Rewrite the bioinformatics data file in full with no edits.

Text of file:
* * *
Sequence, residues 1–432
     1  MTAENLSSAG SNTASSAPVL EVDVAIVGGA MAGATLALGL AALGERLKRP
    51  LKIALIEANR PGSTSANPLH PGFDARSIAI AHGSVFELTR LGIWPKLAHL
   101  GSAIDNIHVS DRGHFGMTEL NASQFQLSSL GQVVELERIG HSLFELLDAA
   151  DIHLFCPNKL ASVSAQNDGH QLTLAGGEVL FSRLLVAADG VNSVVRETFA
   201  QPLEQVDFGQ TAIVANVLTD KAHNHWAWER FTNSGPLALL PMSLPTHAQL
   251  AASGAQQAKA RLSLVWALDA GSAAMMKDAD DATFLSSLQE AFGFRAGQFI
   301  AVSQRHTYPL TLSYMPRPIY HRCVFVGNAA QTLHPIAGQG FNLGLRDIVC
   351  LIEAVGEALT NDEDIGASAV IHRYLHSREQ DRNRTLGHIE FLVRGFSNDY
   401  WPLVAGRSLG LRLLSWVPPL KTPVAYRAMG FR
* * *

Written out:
Sequence, residues 1–432
     1  MTAENLSSAG SNTASSAPVL EVDVAIVGGA MAGATLALGL AALGERLKRP
    51  LKIALIEANR PGSTSANPLH PGFDARSIAI AHGSVFELTR LGIWPKLAHL
   101  GSAIDNIHVS DRGHFGMTEL NASQFQLSSL GQVVELERIG HSLFELLDAA
   151  DIHLFCPNKL ASVSAQNDGH QLTLAGGEVL FSRLLVAADG VNSVVRETFA
   201  QPLEQVDFGQ TAIVANVLTD KAHNHWAWER FTNSGPLALL PMSLPTHAQL
   251  AASGAQQAKA RLSLVWALDA GSAAMMKDAD DATFLSSLQE AFGFRAGQFI
   301  AVSQRHTYPL TLSYMPRPIY HRCVFVGNAA QTLHPIAGQG FNLGLRDIVC
   351  LIEAVGEALT NDEDIGASAV IHRYLHSREQ DRNRTLGHIE FLVRGFSNDY
   401  WPLVAGRSLG LRLLSWVPPL KTPVAYRAMG FR